Exhibition review: Gaming in Waziristan

Listening to an account of the horrors of the Western Front in 1917, Prime Minister Lloyd George noted, “If people really knew the war would be stopped tomorrow. But of course they don’t know and can’t know.”
Today what the general public “don’t know and can’t know” about is the ongoing US drone war on Pakistan. After being initiated by the Bush Administration supposedly to target suspected terrorists, the attacks by unmanned aircraft controlled by pilots based in Virginia have increased three-fold under President Obama. According to Reprieve approximately 2,283 people have been killed since 2004. While the Pakistani Government plays a duplicitous game of publicly criticising the strikes at the same time as secretly encouraging them, Pakistani public opinion is firmly against this American aggression. A 2010 New American Foundation survey found 76 percent of people living in the Federally Administered Tribal Areas opposed the attacks.
Gaming in Waziristan is a deeply shocking snapshot into the human cost of this high-tech slaughter. Made up of three video installations, the central part of this small exhibition is a looping 13 minute montage of photographs and grainy film footage taken after drone strikes by Pakistani journalist Noor Behram. Homes reduced to rubble, displaced families, wounded children and, most distressing of all, a dead girl with the top half of her skull missing – these images won’t be appearing on the BBC anytime soon. As the film progresses it becomes clear the liberal imperialist ideology of Western nations bringing civilisation to the rest of the world is the exact opposite of reality. Rather it is we in the West who are the savages bringing death and destruction to a largely poor people. Westerners killing Asians in their hundreds. Which century are we living in again?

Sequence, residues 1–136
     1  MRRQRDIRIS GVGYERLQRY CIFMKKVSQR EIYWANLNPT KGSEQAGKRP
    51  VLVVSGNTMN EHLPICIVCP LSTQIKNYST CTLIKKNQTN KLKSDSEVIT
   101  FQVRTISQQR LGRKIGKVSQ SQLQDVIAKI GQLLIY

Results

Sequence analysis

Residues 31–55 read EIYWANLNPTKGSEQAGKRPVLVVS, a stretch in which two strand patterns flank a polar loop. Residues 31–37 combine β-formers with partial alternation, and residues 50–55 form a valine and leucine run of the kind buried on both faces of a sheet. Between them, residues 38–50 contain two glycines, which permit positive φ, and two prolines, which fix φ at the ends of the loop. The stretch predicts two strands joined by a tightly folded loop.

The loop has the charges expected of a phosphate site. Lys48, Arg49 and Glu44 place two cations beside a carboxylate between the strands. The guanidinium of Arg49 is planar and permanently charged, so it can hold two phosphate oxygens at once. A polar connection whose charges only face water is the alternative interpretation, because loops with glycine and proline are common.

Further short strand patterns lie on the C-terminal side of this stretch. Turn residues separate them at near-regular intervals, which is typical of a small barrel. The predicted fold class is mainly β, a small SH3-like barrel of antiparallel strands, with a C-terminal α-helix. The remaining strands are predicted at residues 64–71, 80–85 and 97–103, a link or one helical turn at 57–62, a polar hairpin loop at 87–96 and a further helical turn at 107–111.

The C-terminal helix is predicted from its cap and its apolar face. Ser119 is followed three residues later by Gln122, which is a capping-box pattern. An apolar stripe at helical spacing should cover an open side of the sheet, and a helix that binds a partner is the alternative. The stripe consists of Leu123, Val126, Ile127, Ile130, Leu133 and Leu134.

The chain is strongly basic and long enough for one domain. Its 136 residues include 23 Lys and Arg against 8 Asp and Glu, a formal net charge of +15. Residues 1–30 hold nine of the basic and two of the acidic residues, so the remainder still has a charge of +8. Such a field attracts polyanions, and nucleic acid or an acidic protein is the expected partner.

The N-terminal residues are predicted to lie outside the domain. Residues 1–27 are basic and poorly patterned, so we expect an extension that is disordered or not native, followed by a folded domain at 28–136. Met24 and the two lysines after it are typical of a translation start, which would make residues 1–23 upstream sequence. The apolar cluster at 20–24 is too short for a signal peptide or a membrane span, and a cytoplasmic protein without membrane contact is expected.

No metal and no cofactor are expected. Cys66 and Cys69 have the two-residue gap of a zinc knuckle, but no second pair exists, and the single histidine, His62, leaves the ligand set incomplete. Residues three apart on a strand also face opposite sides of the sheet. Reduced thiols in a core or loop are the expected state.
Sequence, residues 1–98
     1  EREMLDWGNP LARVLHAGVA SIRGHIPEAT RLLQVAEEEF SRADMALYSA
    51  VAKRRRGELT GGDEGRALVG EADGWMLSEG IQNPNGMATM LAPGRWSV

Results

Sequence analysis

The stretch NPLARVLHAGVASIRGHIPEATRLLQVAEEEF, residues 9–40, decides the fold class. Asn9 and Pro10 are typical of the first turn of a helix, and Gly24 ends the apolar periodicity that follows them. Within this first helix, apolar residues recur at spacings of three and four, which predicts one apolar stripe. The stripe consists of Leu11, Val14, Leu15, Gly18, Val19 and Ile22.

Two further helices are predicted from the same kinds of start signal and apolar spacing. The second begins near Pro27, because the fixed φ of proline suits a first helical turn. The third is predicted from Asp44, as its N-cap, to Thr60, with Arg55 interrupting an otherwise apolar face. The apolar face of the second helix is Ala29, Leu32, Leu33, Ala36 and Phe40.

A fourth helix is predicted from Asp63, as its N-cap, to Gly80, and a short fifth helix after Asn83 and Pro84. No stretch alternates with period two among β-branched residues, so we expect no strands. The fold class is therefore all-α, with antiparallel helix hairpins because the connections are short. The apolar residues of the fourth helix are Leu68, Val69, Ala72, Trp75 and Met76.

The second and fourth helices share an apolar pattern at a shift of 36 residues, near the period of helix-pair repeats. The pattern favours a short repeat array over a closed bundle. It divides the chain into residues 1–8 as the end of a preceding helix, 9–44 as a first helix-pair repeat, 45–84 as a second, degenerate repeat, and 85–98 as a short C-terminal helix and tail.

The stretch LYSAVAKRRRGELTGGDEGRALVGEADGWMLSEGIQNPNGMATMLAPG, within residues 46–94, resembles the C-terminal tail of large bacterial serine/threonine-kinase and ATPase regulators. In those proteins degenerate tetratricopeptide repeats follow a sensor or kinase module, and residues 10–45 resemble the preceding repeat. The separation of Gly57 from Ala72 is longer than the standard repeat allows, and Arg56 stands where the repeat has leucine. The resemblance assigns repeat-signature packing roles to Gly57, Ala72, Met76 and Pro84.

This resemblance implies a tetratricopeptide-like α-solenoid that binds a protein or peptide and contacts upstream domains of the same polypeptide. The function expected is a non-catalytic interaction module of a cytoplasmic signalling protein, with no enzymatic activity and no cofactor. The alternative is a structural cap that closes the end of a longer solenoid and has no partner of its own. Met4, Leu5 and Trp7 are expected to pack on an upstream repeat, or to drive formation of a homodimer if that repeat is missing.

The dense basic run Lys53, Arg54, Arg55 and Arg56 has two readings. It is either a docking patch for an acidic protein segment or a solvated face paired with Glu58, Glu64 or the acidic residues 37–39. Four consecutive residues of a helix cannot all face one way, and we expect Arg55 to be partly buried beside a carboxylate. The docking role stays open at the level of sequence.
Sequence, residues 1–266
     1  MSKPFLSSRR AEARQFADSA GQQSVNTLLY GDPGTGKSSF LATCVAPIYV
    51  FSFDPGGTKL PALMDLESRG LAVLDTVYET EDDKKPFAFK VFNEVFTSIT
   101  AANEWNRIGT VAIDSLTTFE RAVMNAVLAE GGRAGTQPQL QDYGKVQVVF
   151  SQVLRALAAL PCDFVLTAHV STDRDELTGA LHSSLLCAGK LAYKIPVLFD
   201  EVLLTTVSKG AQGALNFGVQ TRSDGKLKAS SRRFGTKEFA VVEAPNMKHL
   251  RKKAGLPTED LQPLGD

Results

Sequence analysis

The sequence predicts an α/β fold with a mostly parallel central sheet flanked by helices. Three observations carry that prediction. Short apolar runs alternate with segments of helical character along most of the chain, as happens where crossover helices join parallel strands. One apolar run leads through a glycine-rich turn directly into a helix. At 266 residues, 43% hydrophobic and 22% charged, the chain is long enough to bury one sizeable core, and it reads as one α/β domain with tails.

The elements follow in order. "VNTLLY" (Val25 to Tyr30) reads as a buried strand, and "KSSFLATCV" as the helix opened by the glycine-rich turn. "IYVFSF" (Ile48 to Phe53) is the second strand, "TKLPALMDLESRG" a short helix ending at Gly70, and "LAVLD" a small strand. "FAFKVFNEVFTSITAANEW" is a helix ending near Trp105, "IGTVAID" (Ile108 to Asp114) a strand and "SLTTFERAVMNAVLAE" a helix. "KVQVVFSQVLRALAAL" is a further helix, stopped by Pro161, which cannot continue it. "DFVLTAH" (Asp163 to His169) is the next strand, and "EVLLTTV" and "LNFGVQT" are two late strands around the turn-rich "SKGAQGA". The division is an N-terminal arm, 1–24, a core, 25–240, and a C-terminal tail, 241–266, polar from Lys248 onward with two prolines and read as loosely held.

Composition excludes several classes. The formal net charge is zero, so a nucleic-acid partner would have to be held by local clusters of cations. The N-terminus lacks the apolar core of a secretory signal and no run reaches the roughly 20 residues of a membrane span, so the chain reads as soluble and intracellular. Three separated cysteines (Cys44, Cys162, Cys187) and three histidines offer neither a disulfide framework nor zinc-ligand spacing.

Beaconsfieldshould be applauded for putting on this essential exhibition. However, as a contemporary art gallery arguably it is the wrong space for the subject matter. When I was there the animated art world discussions of the chatty crowd verged on the offensive next to the somber, often nauseating, images on display.
With the legality of drone attacks being challenged by people such as the UN Special Rapporteur on extrajudicial killings, more light is increasingly being shone on something the US and UK Governments would rather remain in darkness. The public in the West need and deserve to know about the killing that is being done in their name.
Gaming in Waziristan runs from 11:00 – 17:00 Tuesday to Friday, until 5 August 2011.
*Ian Sinclair is a freelance writer based in London, UK. [email protected] and http://twitter.com/#!/IanJSinclair

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